Message 2 of 6

Stuck on Mission

Jonathan Pokluda · Aug 27, 2017

Message 2 of 6

Do you feel stuck? JP walks us through Acts 15:36-16:5. While this passage of Scripture is descriptive and not prescriptive, JP shows us how God can move us forward on mission, despite feeling stuck. God doesn’t give us permission to get stuck or to stay stuck, but there is hope that He can use us in our mess, and there is hope for us to get out of our mess.

Scripture References: Acts 16 , Acts 15 , Acts 13-16

Jonathan "JP" Pokluda

About Jonathan Pokluda

I am the leader of The Porch and one of the teaching pastors here at Watermark. I grew up on a farm outside the small town of Cuero in South TX. I was involved in... Read more

Message Transcript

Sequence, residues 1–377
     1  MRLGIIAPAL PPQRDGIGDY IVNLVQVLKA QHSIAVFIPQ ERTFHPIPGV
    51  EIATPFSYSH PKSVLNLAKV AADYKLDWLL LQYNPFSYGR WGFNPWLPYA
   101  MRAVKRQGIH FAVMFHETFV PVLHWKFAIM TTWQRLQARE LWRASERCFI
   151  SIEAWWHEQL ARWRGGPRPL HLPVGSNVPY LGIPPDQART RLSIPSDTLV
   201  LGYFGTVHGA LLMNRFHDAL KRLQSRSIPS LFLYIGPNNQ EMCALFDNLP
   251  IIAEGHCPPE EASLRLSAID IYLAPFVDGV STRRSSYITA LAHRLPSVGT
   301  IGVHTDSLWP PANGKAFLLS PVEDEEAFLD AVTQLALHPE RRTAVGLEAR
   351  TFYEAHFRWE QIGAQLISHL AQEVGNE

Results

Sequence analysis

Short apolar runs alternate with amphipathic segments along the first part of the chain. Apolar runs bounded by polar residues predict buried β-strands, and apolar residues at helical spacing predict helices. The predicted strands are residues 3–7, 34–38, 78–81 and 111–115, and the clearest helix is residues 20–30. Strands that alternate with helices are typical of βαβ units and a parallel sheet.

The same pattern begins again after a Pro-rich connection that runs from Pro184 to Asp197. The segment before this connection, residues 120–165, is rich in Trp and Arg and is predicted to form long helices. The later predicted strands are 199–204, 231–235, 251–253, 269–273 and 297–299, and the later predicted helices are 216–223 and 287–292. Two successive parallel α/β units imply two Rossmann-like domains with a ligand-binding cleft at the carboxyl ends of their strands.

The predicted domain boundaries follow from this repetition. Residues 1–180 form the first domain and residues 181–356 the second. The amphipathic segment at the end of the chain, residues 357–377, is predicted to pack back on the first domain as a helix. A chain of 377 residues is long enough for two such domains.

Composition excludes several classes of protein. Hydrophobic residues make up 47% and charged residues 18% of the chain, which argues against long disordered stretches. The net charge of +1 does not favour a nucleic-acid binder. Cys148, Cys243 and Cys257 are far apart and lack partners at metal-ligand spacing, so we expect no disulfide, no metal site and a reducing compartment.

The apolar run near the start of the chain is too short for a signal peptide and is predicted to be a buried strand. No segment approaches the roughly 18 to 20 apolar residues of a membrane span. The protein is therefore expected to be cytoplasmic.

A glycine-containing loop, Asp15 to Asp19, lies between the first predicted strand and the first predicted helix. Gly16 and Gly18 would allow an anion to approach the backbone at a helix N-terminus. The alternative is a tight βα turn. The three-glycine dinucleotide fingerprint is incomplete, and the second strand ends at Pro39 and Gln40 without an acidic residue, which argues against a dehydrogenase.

Watermark, how are you doing? To our brothers and sisters in Plano and Fort Worth, we love you. We're excited for you to tune in. I'm stoked to be back in Acts today. If you were watching the news yesterday at all, you're seeing Hurricane Harvey sit on a little area of Texas, kind of Victoria and Rockport and that area. That's where I grew up on a small farm. What that meant was when we would go on vacation we would go to a place called Port Aransas. If you've ever been to Cancun or the Caribbean, it's like that. A little muddier and… Okay, it's nothing like that. More like Lewisville but bigger. Here's what Port Aransas _does_ have that the other places don't. You can drive on the beach there. Growing up that was really cool. We would stay in this condo outside of town, and I can remember Dad sending me on a mission to the grocery store. He's like, "Hey, you're going to go to the grocery store," and I'm like, "Man, that's awesome. I'm in, but can I drive on the beach?" Because you could pull on the beach and then drive toward town on the beach. He's like, "Sure." Like I said, I grew up on a farm, so Dad had this long-bed, extended-cab Chevrolet pickup truck. It was a standard, manual shift. He's like, "Sure. Take the truck, but just don't get stuck." I'm like, "Get stuck." So I go in the truck and I'm driving, and there's a path there where the sand is all beaten down. You could stay on the path. That's where all of the other cars drove, but the girls and the fun was closer to the water. You know, a 17-year-old kid. You go off on the sand. I can remember pulling over a little closer to the action and the wheels starting to slip and slide. So I downshifted, which was stupid. Then all of a sudden I'm not going anywhere. I can remember shifting into low, pulling forward, and then shifting into reverse, pulling backward, not going anywhere, shifting into low, shifting into reverse. I kept doing that until I buried the axle. That's the bar between the two tires. That's now underground. I'm not going anywhere. Now all of the ladies I was hoping to impress are driving by like, "This joker can't even drive a standard." My brother is with me, and I have to send him for help. "You have to go get help." I start there, because there are times in life when you're supposed to be on mission and you know God has this calling on your life and you hear "The reason I'm alive is to do all of these wonderful things for the kingdom and for God" and you just feel stuck, like you can't go anywhere. There's a circumstance, a situation, something that happened to you, something you were a part of, and you feel like you can't move forward. As we move through Acts today toward the end of Acts 15, it's like we're watching this play unfold, and you're going to see three people who are stuck in different situations and circumstances, and you're going to be tempted… If you were just outside the narrative and you didn't know what happens, you would think the story ends here. These guys are now disqualified for the mission. But that's not what happens. Maybe you've heard that God is calling you to a life of amazing ministry, but you came in today and you feel like too much is being asked of you and you're scared. You can't move forward. Maybe you feel like your past is following you, like you have a reputation you can't overcome and people won't give you a second chance, or maybe you feel like you're stuck in an argument or a conflict and you haven't thought about the mission in a long time because you can't see past the conflict in front of you. Maybe you feel like you were born into such family dysfunction there's no real hope for you to do effective ministry. Or maybe you feel stuck in a bad marriage. You've chosen this person and you're thinking, "I chose wrongly; I chose incorrectly," and it's just hard. Or maybe you came in today and you're experiencing such a deep grief. Maybe you lost somebody close to you, and you can't think about the mission or God's calling on your life because you can't see past the deep despair that fills your heart. I pray you'd find hope from this text, because the people we're going to look at are going through all of those circumstances I just mentioned. We're going to see God do incredible things despite their mess. We're talking about how God can move us forward on mission despite us feeling stuck. It's no secret this is a descriptive, historical text. There are not a lot of instructions for you here. This is not like the Proverbs or James. You're watching and observing the lives and characters of the Scripture in history. What you _can_ do is learn a lot about the character of God and how God interacts with humans and how he might feel toward us. We're going to see about the loving, restorative character and nature of God and how he does have a purpose for our lives, but let me give you this disclaimer. This message is not permission to get stuck or to stay stuck. This message is to give you hope that God can still use you in your mess and he's calling you out of it. In case you're just joining us, let me give you a quick review of where we've been. I'll start three chapters back in Acts 13. You have Paul and Barnabas. They're boldly declaring the gospel. "God has sent a Savior, Jesus, just as he promised," and the Jews are like, "What? Who are you talking about?" and persecution is stirred up. One thing that's important to mention in Acts 13… It's like one line there, but Luke includes it. Over and over it's John Mark. There's a guy John Mark with them, and he left. When they got to Pamphylia he deserted them. In Acts 14, there's a crowd there at Lystra, and they want to worship Paul, but then in a strange turn of events they stone him. They think they kill him. They drag him outside the city, but Paul, being this crazy strong missionary, gets up, dusts himself off, and goes back and wrecks shop in Antioch, sharing the gospel. Then in Acts 15 you have the Jerusalem Council, and you have these guys come up and say, "Hey, you want to convert Gentiles? Wait a minute. Gentiles are believing? Well, then they need to be circumcised." They're like, "Hold on. Salvation isn't contingent upon circumcision." So they write this letter and send Paul and Barnabas and a group of people out to the church. They go to Antioch so they can share the truth of the gospel. Today in this text, as we move through Acts 15-16, we're going to see someone stuck in a reputation of immaturity, two others who are stuck in conflict, and someone who's stuck in family dysfunction and how God helps them prevail on mission through all of these circumstances. Acts 15:36: **"Some time later…"** We don't know how long later after Paul and Barnabas go to Antioch with a crew of folks. It's about AD 48. **"…Paul said to Barnabas, 'Let us go back and visit the believers in all the towns where we preached the word of the Lord and see how they are doing.'"** I told you I grew up on a farm. Dad had cows on different plots of land in neighboring towns around us. Saturdays for us meant we would go and check the cows. I would open the gates and we'd pull in and he'd feed them and count them and make sure they were all there, and then we'd move to another place and he'd feed them and count them and make sure they were all there, and then we'd move to another place. We were checking on them. These guys are moving through the churches checking on them. Once a year, he would bring all the cattle into one place, into a pen and vaccinate them. He would give them some sort of vaccination to make sure pests and pestilence and things that would seek to make them sick wouldn't creep into the herd. You have Paul and Barnabas moving throughout the churches checking on them and vaccinating them with truth and grace. That's what's happening in this text. **"Barnabas wanted to take John, also called Mark, with them, but Paul did not think it wise to take him, because he had deserted them in Pamphylia and had not continued with them in the work."** Luke sides with Paul here. Luke is showing you that Mark is a deserter. He deserted them and did not continue with them in the work. This way Mark has soured his reputation with Paul. Mark gets there. They're doing work. They've seen great things happen, but they've also endured great hardship. He gets to the mountains of Taurus and he's like, "Hey, I think I'm done. I think I'm out on this." We don't know exactly why. The text doesn't tell us. He could be scared from the bandits that show up that we talk about in 2 Corinthians 11 or the persecution that Paul and Barnabas are about to endure from the Jews. It could be very likely that he's disagreeing with advancing the gospel to the Gentiles, because he doesn't stop at Antioch and report the success the church has experienced. He goes straight back to Jerusalem, which was a longer journey. Here's what we know. This man came to a place where he was questioning his call to ministry. He's like, "You know what? To continue on this mission is hard. I'm done. I'm going to go back to where it's easy. I don't want to keep doing this." You think, "Well, I can't really relate to that." Let me just ask you a few questions. Has this ever happened to you? You think, "You know what? I'm going to share the gospel with that coworker one day. Maybe tomorrow or the next day or next week." Or you go for it. You take a step. "Hey, how are you doing? Everything going good? How's the fam? Do you know Jesus?" "What? Who? No. What?" "How's the family? Okay. No, I didn't say Jesus. What?" You back off. Or you're like, "You know what? We need to have those neighbors over for dinner." You say that back and forth, husband and wife. "One day we need to have them over for dinner." "You're right. One day we need to have them over for dinner." You know, 2015. In 2016, "One day we should really have them over and love on them. That would be good." "This is the year…" You go home. Maybe this is every year. "This is the year I'm going to start reading the Bible every morning. This is the year of quiet time. I'm going to set the alarm. I'm going to get up early. I'm going to do it this year." Then by February your Bible is getting dusty. Maybe your heart is just stirred here. You come in and hear a message. You're like, "Oh man, there's a God. I'm going. I'm doing it. I'm going to leave here and adopt and never sin again. It's going to be amazing." Then by Monday it's back to normal. There's some immaturity stirred up. I've said before a lack of commitment is the mark of immaturity. 1._ When you're stuck in immaturity, God can move you back on mission_. I could have said when you're stuck in fear or when you're stuck in a bad reputation, but I chose _immaturity_ because that's how I think Paul views John Mark. "The brother is immature. He's not going to go with us on mission." Who is this guy John Mark? Remember in Acts when Peter gets out of prison and goes to this prayer gathering at the house of Mary? He's knocking on the door there. Somebody comes and answers the door. Mary is the mother of John Mark. In the garden when they arrest Jesus there's a guy there wearing only a linen garment, and the Scripture says he ran off naked. That's our boy John Mark. Then in Acts 13:13 he says, "Hey, I'm done on this mission." You might be tempted to think, "Okay, God is done with this guy. He's not going to continue on the mission anymore," but what happens is he goes on to write the first gospel we have, the gospel of Mark. Let's just be honest. If you wrote the Bible, that's winning. He did something great. It's not just that. He doesn't stop there. Then it says he goes on to strengthen the church with Peter, and Peter loves this guy so much as a missionary in 1 Peter 5:13 he calls Mark his son. Not just that. Right here what we're about to see is this split between these two people. He goes "Team Barnabas," because Barnabas is his cousin. We know that from Colossians 4:10. He goes with his cousin, and they see effective ministry. They see the mission. God moves and blesses that decision. Not just that. He and Paul fully reconcile. Paul sees this guy as a man worthy of the mission. Something changes in Paul's heart. In Philemon, verse 24, Paul calls Mark his fellow worker. He goes on at least two other missionary journeys with Paul. So here Paul is like, "No, not him." Later on Paul is like, "Bring me him. Something has changed in that guy." Colossians 4:10: **"My fellow prisoner Aristarchus sends you his greetings, as does Mark, the cousin of Barnabas. (You have received instructions about him; if he comes to you, welcome him.)"** In the Greek it's stronger. It's "Welcome him heartily. Give him a heartfelt welcome." Not just that. Second Timothy 4:11… This is beautiful, because it's ironically when Demas has now deserted Paul. So Paul feels deserted by yet another one, and he's like, "Okay, I need some encouragement," and he says, " **Get Mark and bring him with you, because he is helpful to me in my ministry."** Let me just give you the bigger picture. We just read from a letter Paul wrote to a man named Timothy who now in Acts he hasn't met yet, but he's about to. What I want you to see in that letter that is written in the future is that Paul, this guy who says, "I don't want him going with us," is now saying, "Hey, if I'm choosing teams and I can choose a person, a player, I want John Mark. That brother is faithful." He changed his reputation. Mark's life was not marked by flakiness and a lack of commitment. It was marked by faithfulness to the mission of God. If you're here and you feel like God can't use you because of some of your immature decisions or because you're immature and young in the faith and you don't know the Bible, it's not too late for you. Maybe you've failed in something he has called you to do. The application today is it's not too late to act in faithfulness. It's not too late to grow in your faith. It's not too late to honor your commitments. It's not too late to ask for forgiveness where you've missed it, because when you're stuck in immaturity God can move you back on mission. Over a decade, I've served in ministry with young adults, Millennials, some of them marked by their inability to make and keep commitments. As I look back early on, one particular individual stands out, the single most flaky person I've ever met in my entire life. When you're shepherding volunteers, you see a name down, like "Hey, someone is going to serve here," and there's a name that is a blessing and a name that is a beating. One is like "They're going to be there. They're going to be there early." One is like, "Yeah, maybe. They might show up. We probably should recruit someone else." That's kind of a burden. For this particular individual, there was just time and time again… She would sign up for something, we'd show up, and she wasn't there. We'd reach out and she wouldn't answer. We'd text. "Hey, where were you?" Four days later… "Oh sorry. Grandmother came into town." "I had to change my sock drawer." Something. It would happen again and again and again. I was just like, "Something is going on there. I don't know what it is." Years go by. We have some new people on the staff team, and they come up and are like, "Hey, we would like her to serve with us." I see who it is and I'm like, "Nuh-uh. No way. No, no, no. See, you guys are new. You don't know. Let me give you some history. She's not going to show up." They're like, "Really? That's strange." What was interesting was she did, and then she continued to, and people followed her, and she moved to leadership. The Holy Spirit had done a work in her life, where this immature, flaky person I knew had become this mature follower of Jesus Christ who was the first one there and the last one to leave and one of the most faithful. So much so that when we were looking for a leader of a Labor Day retreat or some event she was first on our list. She continues to be first on our list. She ended up getting married, and God continued to do an incredible work so that now she's one of the faithful leaders here. God changes reputations when you turn to him. You don't have to continue to embrace, "Well, this is just who I am. I'm just the non-committed person." Commitments honor God. If you're here and you look at your life and you're like, "Yeah, I'm kind of the person who always changes plans last minute," you need to know something. It doesn't honor God. That is inconsistent with a follower of Jesus Christ, and there may need to be a step of maturity, a little bit of growing up you need to do, because that's not who Christ followers are. We do what we say we're going to do. You also need to know it is not too late. That's not a disease you're stuck with. It's not a generational sin you can't break out of. Right now you can leave this room and say, "You know what? I'm going to be the first one there and the last one to leave from here on out. I'm going to honor God and the commitments I make and the commitments I keep. That's what I'm going to do." When you're stuck in immaturity, God can move you back on mission. John Mark made a poor decision. "I'm out, guys. This looks hard. I'm out." He went home. "You know what? I'm back in. Put me back in the game. God, use me. I'm going to write one of the Gospels. I'm in. I'm all in. Use my life." Let's go. Let's look at it again and focus on these other guys. Verse 37: **"Barnabas wanted to take John, also called Mark, with them…"** This is the imperfect tense: _wanted to._ It's he asked repeatedly to take John Mark. "Paul, can we take John Mark? Hey, I really think my cousin would do well. Let's call John Mark. Hey, come on. Give him a chance. John Mark. Oh, you want to bring somebody? John Mark." Over and over and over. **"…Paul did not think it wise to take him, because he had deserted them in Pamphylia and had not continued with them in the work."** You have two personalities at play here. A little bit of truth, a little bit of grace. Barnabas is a high grace guy. They changed his name to "son of encouragement." I like to think of Barnabas like my friend John Elmore. I don't even know how John Elmore has so much time to encourage people. The brother is just constantly encouraging folks. He's here leading in Recovery ministry. He's the "second chance" guy, all about, "Hey, JP, listen. God can restore people. You can give them a second chance." "Okay, John. I understand." "Remember what a mess you were?" "Okay. That's enough, John." John is kind of Barnabas. Paul, on the other hand, is like, "Dude, we have to focus. If we're choosing teams, let's take the best. He's a deserter. Sorry he's family, but let's move on." So these guys are at odds. It says, in fact, **"They had such a sharp disagreement…"** That word _disagreement_ is _paroxusmos._ It translates as _anger_, _irritation_, _exasperation_. **"…that they parted company. Barnabas took Mark and sailed for Cyprus, but Paul chose Silas and left, commended by the believers to the grace of the Lord. He went through Syria and Cilicia, strengthening the churches."** They split, vaccinating the churches with truth and grace, and it's this low moment in the text where the church is watching on, and you have McGregor and Mayweather swinging for the fences, but they're brothers in Christ and it's weird. You're just like, "Oh man. What's going on?" You think this is where the church is really hurt. If you've ever heard about this text in any context, it's a low moment. But what are the results? One team of faithful missionaries who love Jesus and are sharing the gospel becomes two teams of faithful missionaries who love Jesus and are sharing the gospel. More people are reached for Christ and more people saved and the church grows and is strengthened. What the Enemy meant for evil God uses for good in spite of their dysfunction, in spite of their conflict. 2._ When you're stuck in conflict, God can move you back on mission._ Right about now you're going to be tempted to think, "Maybe that's what I need to do. We just need to part ways and not talk again." Did Paul and Barnabas reconcile? I have a lot of reasons to believe they did. Paul in 1 Corinthians, chapter 9, when he's talking about the rights of apostles (this written later), he talks about himself and his friend Barnabas, and then in Colossians 4 he talks about it again. It seems like they settled the bad blood between them, like they're boys again. Paul is not writing a song, "Look What You Made Me Do." That's not what's going on here. They're friends again, but more importantly, they're killing it for the kingdom. If we look at the map, you have the cousin crew hitting the island life of Cyprus, and then "Team Paul and Silas" left for Syria and Cilicia. They're vaccinating the churches with grace and truth. They're going to these places. People are converting, the church is growing, and it all happened through conflict. When I came here, one of the first series I heard done at Watermark Community Church was a series called _Lord of the Ring_. It's to date one of the best series I've heard. It ministered to me. It blew my mind how practical the Bible gets on resolving conflict and how difficult some of those first steps are, like "Don't look past yourself. Look inward." Just how simple they are and yet so difficult. It really ministered to me. I remember what Todd said in _Lord of the Ring_. He said conflict is a constant opportunity. I'd always viewed conflict as negative, but he said no, it's a constant opportunity to display Christ. He did the series again called _Conflict: A Constant Opportunity._ In fact, I'd encourage you if you don't know what I'm talking about right now to find it on Watermark.org. As soon as the morning is over I will tweet that message out. I want to make sure you have that resource. When I got to come on staff later, the first thing I had the opportunity to do was to take that content to Africa. We went to war-torn Rwanda and got to teach the government there some of the same content on basic biblical reconciliation, conflict reconciliation, and it ministered to the people there. Not just teaching them but teaching them to teach others what the Bible says about resolving conflict. I want to tell you about my very favorite moment on staff. If you've been here long, you know we have a lot of fun at staff Christmas parties. It's pretty epic. In fact, Todd is a genius at throwing this epic Christmas party on a tight budget. That's what we do. It's here, and it's so much fun. It's kind of like _MTV Spring Break_ wild without alcohol and a lot of Jesus. It's actually nothing like that, but it's crazy. You're like, "You've got to give me more." A picture is worth a thousand words. One year we had to bob for fruitcake and eggnog. There I am about to do it, there I am doing it, and there I am afterward. I'm sorry you had to see that. I had to live it, though. Then one year I was a human gingerbread man. There was powdered sugar and syrup and Skittles. Kids are included too. We let the kids get in the fun. You're thinking, "Well, that's not fun," but it _is_ a lot of fun. Just trust me. One year we played this game that if you lost you had to go swim in frigid waters or swim in eggnog or something crazy, something terrible, or you could get back in the game by taking a shot of Tabasco sauce, which was so fun. I thought it was. I'm like, "This is awesome." As fun as that was, that wasn't my favorite moment. I go to staff prayer the next day, and it dawns on me that not everybody was having fun with the shots of Tabasco. They had some lingering painful effects evidently. Bobby Crotty, who leads in our men's Equipping ministry… There are all kinds of aged folks on staff and spouses are there too, so he speaks up on behalf of the people who weren't having fun and says, "Hey, we might need to reconsider that for next year." Todd comes back and says, "Hey, Bobby, I appreciate that. I'll consider that, but I'm going to continue to do what I think I need to do." Bobby says again, "Hey, you might want to consider the legal ramifications of the choices you're making." Todd says, "Hey, I hear you." They go back and forth, and it escalates. Everybody else is sitting there quietly. It continues, and these two men who love God and everybody respects are going back and forth until Todd says, "Bobby, that's enough." I'm like, "Oh no. I can't feel my legs. What do I do? What is going on?" It's like, "Okay, we're going to go to pray," which is what we do in staff prayer. We break and pray. They get up and walk out, and everybody is quiet. We pray and say "amen" and go back to the desk, and it's like this dark cloud is just sitting on our staff. There's no laughter. There's no fun. There's just sadness. Someone comes over the intercom and says, "Everybody needs to meet in the eighth floor lobby right now." I'm thinking, "Oh great. This is the end." I'm like, "What does a severance look like at a church?" That wasn't my favorite moment on staff, but this one was. I show up and Todd's arm is around Bobby and he's crying. He's moved with emotion and he's choking out the words. "Guys, I love this man. You need to know I love this man, and I'm so thankful for his courage to speak up. Guys, you just need to know that I want everyone to have fun and I give some forethought to what that might be, but I need to learn that what's fun for me isn't fun for everybody else. Guys, I've asked his forgiveness. I want to ask the entire staff's forgiveness. Anyone who was hurt by that, I'd love to talk to you personally. Please give me the opportunity to apologize to you personally." Bobby interrupts him and says, "Guys, I want to ask your forgiveness. I was disrespectful in the way I went to Todd. I should have talked to Todd. I should have pulled him aside. The way I approached him in front of everybody and the way it got heated was not Spirit-led." Todd says, "I was not filled with the Spirit in the way I responded. Will you guys forgive me?" Again there were tears and emotions. That was my favorite moment on staff. We prayed and celebrated and everybody went back to their desks strengthened. What the Enemy meant for bad God used for good. All that I saw there were two men who loved Jesus who modeled what they taught and lived it out. It's not _if_ you get into conflict. That's a fact of life. It's coming. It's how you handle conflict. It's how you respond in the midst of conflict. When you're stuck in conflict, God can move you back on mission. You have Paul and Barnabas like, "Hey man, we can't just stay here and duke it out. You want to take John Mark? You go _that_ way. I'm going to go _this_ way. Let's just tell more people about Jesus. Let's go." Chapter 16 now. **"Paul came to Derbe and then to Lystra, where a disciple named Timothy lived, whose mother was Jewish and a believer but whose father was a Greek."** If you think you have a messy family, let me just repeat that. His mother was Jewish. She married a Greek, a nonbeliever, a Zeus worshiper, and then she becomes a Christian. It's this messy situation where you're like, "Okay, single mom," because the dad leaves at some point. We don't know if he just left her or if he dies, but it's a sad situation. Timothy grows up in this broken home. **"The believers at Lystra and Iconium spoke well of him."** Which is strange, for a lot of reasons. We see reputation at play here. Remember John Mark's reputation as a deserter? Now you have young Timothy's reputation as a faithful man, people speaking well of him, but this guy who would have been half Greek would have been known by Jews as a half-breed, not invited into the synagogue. He couldn't worship with everyone else, couldn't be taught like everyone else, and yet somehow the grace of God enters his life and he earns a reputation of being faithful. People say, "Do you know Timothy?" Paul listened to them, so he wanted to take him on the journey. Verse 3: **"…so he circumcised him because of the Jews…"** You say, "Why did he do that?" It tells us. **"…because of the Jews who lived in that area, for they all knew that his father was a Greek."** Let's agree on this: that's commitment to the mission. I'm serious. I'm not even just making a joke. Let's consider that this grown man… Paul is like, "Hey, will you come with me?" He's like, "Sure." Paul is like, "One thing. I need you to be circumcised." "Okay." Why, though? Because he wants to be all things to all people. "If we're going to go and share the gospel with those people, I don't want the fact that your dad is a Greek to get in the way of that, so let's just make sure we earn their ear. It's not contingent on salvation. It's not something you have to do, but let's get their ear. Let's make sure nothing hinders the message of the gospel." I see this all the time. Guys come and say, "I sense the Lord might be calling me to vocational ministry." We sit down, and I watch those young men count the cost and say, "I don't know if he is." It's okay, because they continue to be in ministry in the corporate world and wherever they are, doing ministry where they are. I see some men who say, "I believe the Lord is calling…" Just recently I met with a guy. "I believe the Lord is calling me to vocational ministry." We start talking about what that means, and it meant an enormous sacrifice for this young man who's just starting his life. He just got married. He said, "I'm in. Like I said, God is calling me to ministry." That's what's happening here. This guy says, "I'm in. I am all in." It seems that Eunice struck a deal with her husband who's now gone. It seems that there was something like, "Hey, you can teach him your ways, teach him the Torah, teach him the Bible now that you're a Christian, but you don't change his body. His body is mine. I get to choose what he does with his body." Even his name is the evidence of compromise. _Timotheos_ (Timothy) means to honor God in the Greek. 3._ When you're stuck in family dysfunction, God can move you back on mission._ Eunice's life is marked by challenges because of decisions she made before she was a believer. Anybody here have some permanent renderings or permanent consequences from decisions you made before you were a believer? Maybe a marriage situation, broken relationships, something that follows you from decisions you made. I personally have a tattoo of a red spade. You would say, "Why red?" I don't know. I thought I was in a gang or something crazy. My kids ask me all the time, "Daddy, what is that?" I tell them, "That's a scar. That's a reminder that there was a day that I didn't walk with Jesus. That's what that is." I'm not slamming tattoos. I'm slamming _my_ tattoo. (Unless you have a red spade. Then I'm slamming _your_ tattoo.) Things that follow us. What happens with Eunice is the Holy Spirit comes into her life, and she did a good job raising Tim. Paul loves this guy. We know over and over that Paul loves this guy. He calls him his son. Second Timothy 1:3-5. This is Paul writing to Timothy. **"I thank God, whom I serve, as my ancestors did, with a clear conscience, as night and day I constantly remember you in my prayers. Recalling your tears, I long to see you, so that I may be filled with joy."** Because when I see you, Timothy, I'm filled with joy. **"I am reminded of your sincere faith, which first lived in your grandmother Lois and in your mother Eunice and, I am persuaded, now lives in you also."** All the time here we see divorce and old habits and broken homes and single parents and people who think, "It just seems like the cards are really stacked against me," and God blooms something really beautiful from that situation. Someone moves forward on mission in one of the most beautiful ways. Here you have Eunice saying, "Yeah, I married a nonbeliever and he left or died, and I'm not looking to jump right back into something else, because I have a son. I'm going to begin to pour my life so that he knows the ways of God. That's my ministry: to care for this young man and to show him the way he should go so that when he grows he does not depart from it." He goes on to be one of the greatest missionaries who ever lived. He would not have been voted "most likely to succeed" by anyone, and certainly not the most likely to pastor one of the biggest churches that ever was, but God. All of these people give us hope. This gives us hope. Whatever your family dysfunction is, you're not disqualified. I'm not sure what it takes for you to believe that, but you need to hear that. You're not disqualified. All of these stories give us hope because they demonstrate that God can work through some of the biggest messes we find ourselves in. I look back at my own marriage. Year one… You talk about a mess. She didn't marry a Greek pagan. She married a green, immature believer who used God as a weapon and wanted to be worshiped. When I thought of marriage, I thought it was this incredible place where I'm served and a party of the best kind, and when I got there it was different. I had no idea and none of the maturity how to handle that situation. It felt like my marriage situation was the worst situation. I felt stuck. Guys came around and girls came around her and said, "This is the path. You don't have to walk on the path. You can go on any path. If you want to veer off the path and get stuck you can, but this is the path, and you can take one foot in front of the other and walk in faithfulness." I see it here all the time. Some of the biggest situations… You think you're stuck in a bad situation. I promise you I've seen God work through worse. One young woman in particular comes to mind. Divorced. All kinds of pain and scars from that situation. She copes with the divorce in the worst kinds of ways…at the bars, in the clubs, with men. She latches onto this guy who was a predator, to say the least. I'm coming around her and saying, "Hey, this guy is no good for you," and she continues like a dog to his vomit to go to that which is bringing destruction and death in her life. As a minister, you watch on and you're so deeply grieved. One day we're meeting and she says, "He doesn't want me to tell you this, but I think I need to," and she starts telling the truth. I was like, "Oh, God just might be at work here." She starts learning the Scriptures and following the Lord, and it's crazy because she has this personality. Girls start following her, and I just see this tremendous change. She becomes a minister of the gospel. So much so that when we had a spot on our staff I was like, "We have to hire the dysfunctional girl who now loves Jesus." God is at work there. She became truly, as I look back, one of the greatest partners in ministry to me as she cared for the women here. That's what God does over and over. He works through people who are stuck to put them back on mission. Let's look at the results quickly. **"As they traveled from town to town, they delivered the decisions…"** Remember the letter they got last week. They delivered the decisions from the Jerusalem Council. **"…reached by the apostles and elders in Jerusalem for the people to obey."** They're vaccinating the churches with truth and grace. **"So the churches were strengthened in the faith and grew daily in numbers."** Here's the result. It's not a passage of man's faithfulness but God's faithfulness to work despite man's imperfections. Let me give you the summary one more time. When you're stuck in immaturity, God can move you back on mission. When you're stuck in conflict, God can move you back on mission. When you're stuck in family dysfunction, God can move you back on mission, because we are called to the greatest mission that ever has been and ever will be. What are you doing? I was at The Porch this Tuesday. The Porch is about to start. I walk out there, and I'm talking to a pastor, and we're interrupted by a young man. I say, "Can I wrap up this conversation? I'd love to hear what's going on." We wrap up and I go to him. "What's going on?" He's facing me. My back is against the wall. He's like, "I'm just stuck, man." Very expressive. "I'm just stuck. I'm so discouraged." I'm like, "What has you discouraged, bro? Talk to me about it." "Man, I lost my job. Nothing is going my way. God, where are you? I feel angry at God. I'm so stuck. I turn on the news. People are pulling down monuments. There's so much racial tension. What's going on in our world? It seems like we're going to hell in a handbasket. I'm so stuck. I'm so discouraged." He's getting expressive, and people are watching now. I'm like, "Man, I'm sorry you got stuck. I'm sorry you lost your job. Are you connected? Are you serving here?" "Oh man, no, I'm not serving. I'm stuck." I put my arm around this young man and turned him around to face everybody who was walking in. I said, "Do you see all those people?" He just keeps going. "You turn on the news, man. I'm so discouraged." "Hold on. Do you see everyone? Do you see all those people coming in? Do you know 3,600 twenty- and thirty-somethings are about to fill this place right now? It's Tuesday. They could be out for $2 mojitos, but they're here around the Word of God. I don't know if you noticed, but do you see past that group? Do you see that trash can back there against the wall? In fact, there are three of them. Do you see the three trash cans? What's interesting is somebody changed the trash. You see they're empty. I don't know who but someone did. Right above those trash cans there are all these papers set out, and they're stacked up nicely; papers about re:generation and re|engage and Prodigal and all of the ministries that are happening here all throughout the week. I just want to make sure you know someone created those handouts, cut those handouts, printed those handouts, and brought them out and stacked them in those nice stacks you see. Right beside those handouts, do you see that big tub of water? Do you know somebody put that out? I don't know who did, but somebody filled that water tub. They woke up today and said, 'The way I am going to serve my Savior Jesus Christ is I'm going to take a big plastic tub and fill it with water so that people can drink.' I don't know who did it, but what's going to happen in a minute is someone in there is going to preach the gospel. They're going to read from the Scriptures, and everybody who comes in is going to think, 'Thank you for your faithfulness,' but they don't realize that it took an army. I'm sorry you're stuck, bro, but the mission moves with or without you. You can take a step and be a part of the greatest mission that ever was and ever will be. Not The Porch, not Watermark but the movement of Jesus Christ and his church. You could take a step and be a part of it or you can continue to sit back and be so discouraged and not see past your own discouragement at all of the incredible things God is doing." Go back with me to being stuck on the side of that beach. My brother went and got my dad. My dad is a John Wayne-like character. He opens the driver's side door. "Move over, boy." "Yes, sir. You got it." He puts the truck in reverse, gives it a little gas, puts the truck in first, gives it a little gas, and just pulls out. It's frustrating. Just like magic, like dad magic. "How did you do that?" He pulls it back on the path and says, "Go to the store. Continue the mission." I don't know where you are. You look to the Father, you get back on the path, and you continue the mission. That's why you're here. That's why God has you here. You look to the Father, you get back on the path, and you continue the mission. Father, I pray that they would. Thank you for all of the folks who make this possible through faithfulness and service and all that they do. Thank you for the great and amazing God you are, that you would move despite our brokenness, despite the messes we find ourselves in. Everything we're in, we want to blame you, like we didn't choose the person we married, like we didn't choose the place that we work, like we didn't choose the circumstances. When we find ourselves in circumstances that we chose, we want to turn to you and blame you, God. We want to start there. Would you please forgive us for that? Some of us are stuck in our choices. We're stuck in our circumstances. We're stuck in our situations and need your help. Would you move us back on mission? Would you help us, God? Would you move us forward? In the name of Jesus, amen.